Griffith surfaced at the Locarno Film Festival this week to promote her role in a short film, “Thirst,” which marks the first narrative effort from director Rachel McDonald. The 25-minute story finds Griffith playing somber, alcoholic prostitute Sue, who wastes her days away at a grimy bar, where she meets fellow lost soul Billy (Josh Pence) and helps him work through his own bouts of depression. The project, one of several that Griffith has recently finished, had personal connotations for the actress.
In a conversation with Indiewire in Locarno, she discussed how she drew from her own troubles for the part, as well as the rising acting career of her daughter Dakota Johnson, who stars in the adaptation of the erotic drama “50 Shades of Grey” coming out next year — a movie that, Griffith added, she won’t be watching herself.
Alcoholism, Real and Imagined
I had a reputation with people in my industry as being a wild child, being a drug addict and an alcoholic. After being sober for five years, this part comes along and felt like if I could act it out and do it — not for anyone else, just for me — to do that harsh of a life of an alcoholic, I would be able to get it out. I did stop before I got to that point, but I could’ve easily been Sue.
When I read the story for “Thirst,” I loved it, because I’m an alcoholic. I don’t drink anymore, but I did. So that really attracted me to it because I wanted to play that kind of part. But that’s a smaller part of it. I got a letter from Rachel asking me to consider doing it, it was very beautiful and moving. I don’t remember exactly what she said, but it was enough for me to say, “Please come over,” which she did, and I just loved her. I loved her vision and the way she spoke about wanting to make this movie. So I thought I’d just try it out. She was so prepared and it was really awesome to watch her directing and working with me, suggesting certain little things.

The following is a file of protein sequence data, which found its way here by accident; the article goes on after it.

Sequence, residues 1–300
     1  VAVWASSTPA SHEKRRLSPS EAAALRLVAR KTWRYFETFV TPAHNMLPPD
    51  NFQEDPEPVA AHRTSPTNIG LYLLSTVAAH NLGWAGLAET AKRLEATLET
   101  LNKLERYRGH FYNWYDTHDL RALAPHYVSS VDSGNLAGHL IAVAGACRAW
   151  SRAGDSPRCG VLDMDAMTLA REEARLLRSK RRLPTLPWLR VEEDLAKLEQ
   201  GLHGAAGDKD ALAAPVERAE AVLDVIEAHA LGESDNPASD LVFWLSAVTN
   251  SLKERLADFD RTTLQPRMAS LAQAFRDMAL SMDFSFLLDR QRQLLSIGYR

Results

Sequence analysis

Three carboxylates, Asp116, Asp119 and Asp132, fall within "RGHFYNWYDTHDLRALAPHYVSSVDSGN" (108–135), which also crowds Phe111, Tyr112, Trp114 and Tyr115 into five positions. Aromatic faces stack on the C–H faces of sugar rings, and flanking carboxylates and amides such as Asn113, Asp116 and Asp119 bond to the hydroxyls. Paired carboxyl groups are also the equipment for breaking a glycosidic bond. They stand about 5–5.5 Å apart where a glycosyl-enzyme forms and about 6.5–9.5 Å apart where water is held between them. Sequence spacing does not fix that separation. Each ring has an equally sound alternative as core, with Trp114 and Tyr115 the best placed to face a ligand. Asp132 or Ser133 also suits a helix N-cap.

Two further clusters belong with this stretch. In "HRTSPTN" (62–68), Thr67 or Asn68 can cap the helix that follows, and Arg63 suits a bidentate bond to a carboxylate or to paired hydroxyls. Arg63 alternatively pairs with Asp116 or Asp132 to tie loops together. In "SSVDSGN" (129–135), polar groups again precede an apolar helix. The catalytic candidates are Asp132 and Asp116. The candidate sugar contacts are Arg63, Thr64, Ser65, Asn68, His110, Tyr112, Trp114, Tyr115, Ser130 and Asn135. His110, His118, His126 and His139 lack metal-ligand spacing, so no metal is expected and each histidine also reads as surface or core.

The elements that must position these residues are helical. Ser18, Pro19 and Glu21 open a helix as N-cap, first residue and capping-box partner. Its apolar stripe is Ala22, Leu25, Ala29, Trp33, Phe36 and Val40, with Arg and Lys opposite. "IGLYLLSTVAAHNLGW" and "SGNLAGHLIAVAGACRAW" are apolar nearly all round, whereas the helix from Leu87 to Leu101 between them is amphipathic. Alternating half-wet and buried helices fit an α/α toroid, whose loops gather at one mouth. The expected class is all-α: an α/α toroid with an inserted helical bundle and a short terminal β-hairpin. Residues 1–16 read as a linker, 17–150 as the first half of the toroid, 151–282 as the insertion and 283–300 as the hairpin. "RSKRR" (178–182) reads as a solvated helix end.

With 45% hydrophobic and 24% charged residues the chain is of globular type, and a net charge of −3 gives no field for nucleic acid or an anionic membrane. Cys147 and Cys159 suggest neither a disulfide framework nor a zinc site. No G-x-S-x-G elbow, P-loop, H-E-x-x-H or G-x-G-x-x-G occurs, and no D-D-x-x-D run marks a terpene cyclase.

Popular on IndieWire
Avoiding Her Own Performances
I found it difficult to watch myself the first time, because I went, “Oh my god, I look so old!” Stupid shit like that. Then the next time I watched it, I cried, because I could separate myself from myself and look at the story.
When I was reading it, I was like, “Oh my god, do I have to do that?” Most of it was that kind of thing. I liked that. If it’s scary — if I feel like I’m on a tightrope and could possibly fall — then I want to do it, because I want to make it across. That was the draw for me.
I’ve worked with a lot of people now, because I’m old — older — and I’ve done a lot of movies. I’ve worked a lot. I don’t like to watch myself. I don’t go to the movies unless I have to go to the premiere. But this was really interesting because I really was shocked the first time, but the second time, I was going, “She really knows what she’s doing. It’s a beautiful work of art, like a puzzle she put together in such a beautiful way.”
Working With Women
I think Rachel’s an amazing storyteller and I’m so proud I got to work with her and be a part of this. I think that she needs to make more movies. She’s a woman, which is good — I like that, because we need more women directors in this world. There’s nothing wrong with a male’s point of view, obviously, but it’s just a different way of telling a story. We need to feel more stories. That’s what women do…I just did another movie [“Day Out of Days”], with another female director, Zoe Cassavetes.
It was meeting [Rachel] that was the catalyst for making me want to do “Thirst.” When I saw it, I was so shocked and impressed, because she really changed the story very much. It was a harsher story the way the script was written. There were a lot more characters involved. She really changed the movie. There were things that were taken out of the story. That’s one of the reasons why I’m one of her fans. She took that and made it into a really great little film — not that it wasn’t well-written, but it was kind of all over the place. She just narrowed it down.
I have not seen “50 Shades of Grey.” I don’t think I’m going to see it…[Dakota] was like, “You guys cannot come. There’s no way.” So we’re not going. I did go visit for a couple of days when they were shooting just normal stuff. I did see the Room of Pain — I did go in there and check it out.
On the eighth, I’m going to see my daughter filming another movie on Pantelleria [in Sicily]. She just did a movie with Johnny Depp [“Black Mass”].
She’s amazing — so good. It’s just so beautiful to see her doing this. She had her mom and her dad and her grandmother and she’s just taken us all and thrown us away. She’s like, “Here I am.”
I’m going to do a lot of things. I’m going to do “Pippin” on Broadway in January. It’s not about my career now. It’s just about finding great work and having a good time. My kids are almost grown. I’m getting divorced [from Antonio Banderas]. I’m just happy. I’m really joyful. Life is good.
I’m going to do a movie with Bob Saget. This is a really out-there, silly comedy. But I went and had a conversation with him and said, “The character is stupid, it’s nothing. I want to have to lunch with you and thank you for offering it, but I can’t do that.” So he went, “Well, what do you need?” Then we talked about it and he talked to the writer and they changed it. What you want, you can create.